Marianne; “Things used to take a really long time and you know, we would be turning around results in sort of a month or so. Partly because the results that we were looking for at that time, didn’t have the same impact on patient management that they do today. And obviously as you can, well, imagine everybody wants things as quickly as possible. And certainly for patients themselves, the period of, of, of sitting and waiting to determine what’s going to happen can be hugely distressing. So the sooner we can give people our clinicians and our patients an answer and a definitive treatment plan the better.”

On To the Next Generation

As Marianne says, time is of the essence when it comes to the journey from a patient’s cancer sample to an actionable report on their doctor’s desk. We’ve certainly come a long way from the days when it would take months to genetically analyse a tumour sample, but when it comes to treating cancer, every day counts.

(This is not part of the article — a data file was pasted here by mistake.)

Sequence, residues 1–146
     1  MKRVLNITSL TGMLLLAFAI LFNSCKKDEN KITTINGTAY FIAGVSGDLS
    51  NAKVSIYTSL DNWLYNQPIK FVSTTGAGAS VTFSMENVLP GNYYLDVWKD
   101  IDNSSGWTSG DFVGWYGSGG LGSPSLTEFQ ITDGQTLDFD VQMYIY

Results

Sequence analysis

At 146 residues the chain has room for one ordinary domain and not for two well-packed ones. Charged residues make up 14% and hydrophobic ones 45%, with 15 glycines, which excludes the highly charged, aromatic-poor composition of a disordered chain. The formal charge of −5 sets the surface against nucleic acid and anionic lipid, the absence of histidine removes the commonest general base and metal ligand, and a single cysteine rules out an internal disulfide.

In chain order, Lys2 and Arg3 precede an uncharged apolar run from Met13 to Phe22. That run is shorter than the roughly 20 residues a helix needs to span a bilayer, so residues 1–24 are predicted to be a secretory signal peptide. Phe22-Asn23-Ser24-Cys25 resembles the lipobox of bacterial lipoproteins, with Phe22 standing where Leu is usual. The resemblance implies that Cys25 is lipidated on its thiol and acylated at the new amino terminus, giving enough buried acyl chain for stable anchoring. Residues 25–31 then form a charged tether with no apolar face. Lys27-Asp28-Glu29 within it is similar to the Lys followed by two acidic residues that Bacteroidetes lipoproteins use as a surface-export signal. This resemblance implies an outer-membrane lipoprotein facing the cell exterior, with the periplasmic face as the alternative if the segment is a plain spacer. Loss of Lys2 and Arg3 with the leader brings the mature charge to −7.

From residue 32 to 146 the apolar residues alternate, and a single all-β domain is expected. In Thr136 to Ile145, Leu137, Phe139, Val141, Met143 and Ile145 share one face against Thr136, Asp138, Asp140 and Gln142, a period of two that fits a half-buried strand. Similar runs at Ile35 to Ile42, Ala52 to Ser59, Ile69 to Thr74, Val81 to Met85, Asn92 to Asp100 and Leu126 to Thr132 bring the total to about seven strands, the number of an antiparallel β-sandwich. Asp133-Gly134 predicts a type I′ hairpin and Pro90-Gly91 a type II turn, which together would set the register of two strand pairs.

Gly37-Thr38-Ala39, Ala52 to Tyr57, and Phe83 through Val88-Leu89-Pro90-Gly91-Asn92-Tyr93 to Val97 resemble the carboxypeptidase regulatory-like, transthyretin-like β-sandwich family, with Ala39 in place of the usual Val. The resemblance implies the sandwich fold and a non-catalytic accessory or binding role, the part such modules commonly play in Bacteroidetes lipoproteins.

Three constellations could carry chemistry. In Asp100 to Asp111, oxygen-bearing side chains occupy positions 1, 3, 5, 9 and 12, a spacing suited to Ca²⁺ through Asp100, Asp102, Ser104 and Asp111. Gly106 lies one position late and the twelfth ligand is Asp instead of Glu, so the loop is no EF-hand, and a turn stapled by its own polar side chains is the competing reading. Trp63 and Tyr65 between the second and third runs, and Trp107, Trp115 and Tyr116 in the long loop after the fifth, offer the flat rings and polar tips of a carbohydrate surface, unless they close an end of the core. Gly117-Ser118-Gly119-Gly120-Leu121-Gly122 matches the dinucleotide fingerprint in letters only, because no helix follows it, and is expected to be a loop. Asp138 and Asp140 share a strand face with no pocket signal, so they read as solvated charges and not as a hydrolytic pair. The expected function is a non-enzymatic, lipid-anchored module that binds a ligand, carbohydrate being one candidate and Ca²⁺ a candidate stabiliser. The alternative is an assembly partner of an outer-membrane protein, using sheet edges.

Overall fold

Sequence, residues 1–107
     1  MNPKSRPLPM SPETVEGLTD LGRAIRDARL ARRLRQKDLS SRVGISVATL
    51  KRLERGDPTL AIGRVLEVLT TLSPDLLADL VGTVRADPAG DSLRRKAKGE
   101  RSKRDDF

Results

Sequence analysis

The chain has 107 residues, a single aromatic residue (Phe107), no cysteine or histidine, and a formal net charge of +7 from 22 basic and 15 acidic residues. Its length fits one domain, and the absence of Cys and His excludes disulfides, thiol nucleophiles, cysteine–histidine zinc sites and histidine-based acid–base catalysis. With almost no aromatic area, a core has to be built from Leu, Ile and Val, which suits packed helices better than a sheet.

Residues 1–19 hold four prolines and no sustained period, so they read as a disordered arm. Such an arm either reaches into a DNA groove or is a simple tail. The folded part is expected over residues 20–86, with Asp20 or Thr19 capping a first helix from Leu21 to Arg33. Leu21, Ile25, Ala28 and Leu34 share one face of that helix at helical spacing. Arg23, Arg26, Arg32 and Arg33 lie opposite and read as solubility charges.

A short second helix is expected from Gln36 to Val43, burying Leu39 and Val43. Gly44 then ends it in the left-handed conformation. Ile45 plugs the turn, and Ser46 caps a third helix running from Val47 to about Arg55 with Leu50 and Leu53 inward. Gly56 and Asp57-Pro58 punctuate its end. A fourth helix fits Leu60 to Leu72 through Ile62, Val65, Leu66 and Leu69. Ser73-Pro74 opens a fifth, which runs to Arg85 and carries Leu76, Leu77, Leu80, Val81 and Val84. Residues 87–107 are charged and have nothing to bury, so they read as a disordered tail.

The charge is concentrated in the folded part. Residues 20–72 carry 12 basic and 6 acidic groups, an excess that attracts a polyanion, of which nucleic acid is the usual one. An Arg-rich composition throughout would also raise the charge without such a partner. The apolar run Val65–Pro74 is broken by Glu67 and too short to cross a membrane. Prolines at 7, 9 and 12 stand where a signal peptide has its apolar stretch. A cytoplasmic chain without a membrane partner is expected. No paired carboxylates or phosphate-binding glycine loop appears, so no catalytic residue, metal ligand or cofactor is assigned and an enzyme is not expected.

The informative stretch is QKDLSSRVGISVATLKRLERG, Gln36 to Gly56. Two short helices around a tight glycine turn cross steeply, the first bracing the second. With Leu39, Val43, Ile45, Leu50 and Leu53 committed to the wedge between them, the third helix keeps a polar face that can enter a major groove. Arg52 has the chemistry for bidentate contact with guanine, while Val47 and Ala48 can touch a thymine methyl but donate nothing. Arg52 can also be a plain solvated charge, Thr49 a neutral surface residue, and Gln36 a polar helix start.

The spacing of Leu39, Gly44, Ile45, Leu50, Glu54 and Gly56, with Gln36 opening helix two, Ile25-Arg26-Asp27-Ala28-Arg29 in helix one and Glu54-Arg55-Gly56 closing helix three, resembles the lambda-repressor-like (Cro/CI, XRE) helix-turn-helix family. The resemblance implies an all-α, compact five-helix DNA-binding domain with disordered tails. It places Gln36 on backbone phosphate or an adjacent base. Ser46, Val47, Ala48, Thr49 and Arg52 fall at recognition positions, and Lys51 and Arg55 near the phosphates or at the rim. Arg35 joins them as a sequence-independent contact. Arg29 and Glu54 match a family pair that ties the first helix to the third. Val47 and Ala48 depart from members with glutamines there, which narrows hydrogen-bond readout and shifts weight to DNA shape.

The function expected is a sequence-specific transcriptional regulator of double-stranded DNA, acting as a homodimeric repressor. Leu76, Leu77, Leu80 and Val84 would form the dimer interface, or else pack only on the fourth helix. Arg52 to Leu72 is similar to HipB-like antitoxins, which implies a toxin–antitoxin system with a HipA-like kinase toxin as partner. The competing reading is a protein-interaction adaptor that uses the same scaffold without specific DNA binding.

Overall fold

Kim Wood from Thermo Fisher Scientific’s Clinical Sequencing Division is working on next generation sequencing and the technologies that can be used by pathology labs to analyse tumour samples and help doctors decide on the best course of action.

Right now their latest sequencing machine, Ion Torrent Genexus, is still being put through its paces in research settings – meaning that it’s currently designated for research use only – but exciting plans are under way to get it approved for routine medical use in Europe and the UK within the next few years.

“In context of a previous systems that have been on the market, that the quickest time period that we’ve seen for next generation sequencing systems has been four days, but routinely up to two weeks. The Genexus integrated sequencer provides a sample to report within 24 hours.

We’ve also worked really, really hard to make the, all of our systems are solution based system and for it to be as user friendly as possible. So that includes not only providing the technology, but assays as well and what this system generates is not just a bunch of raw data. That’s meaningless. It actually, we provide the tools that are needed to make sense of that data and to slim down that data into something that’s meaningful.”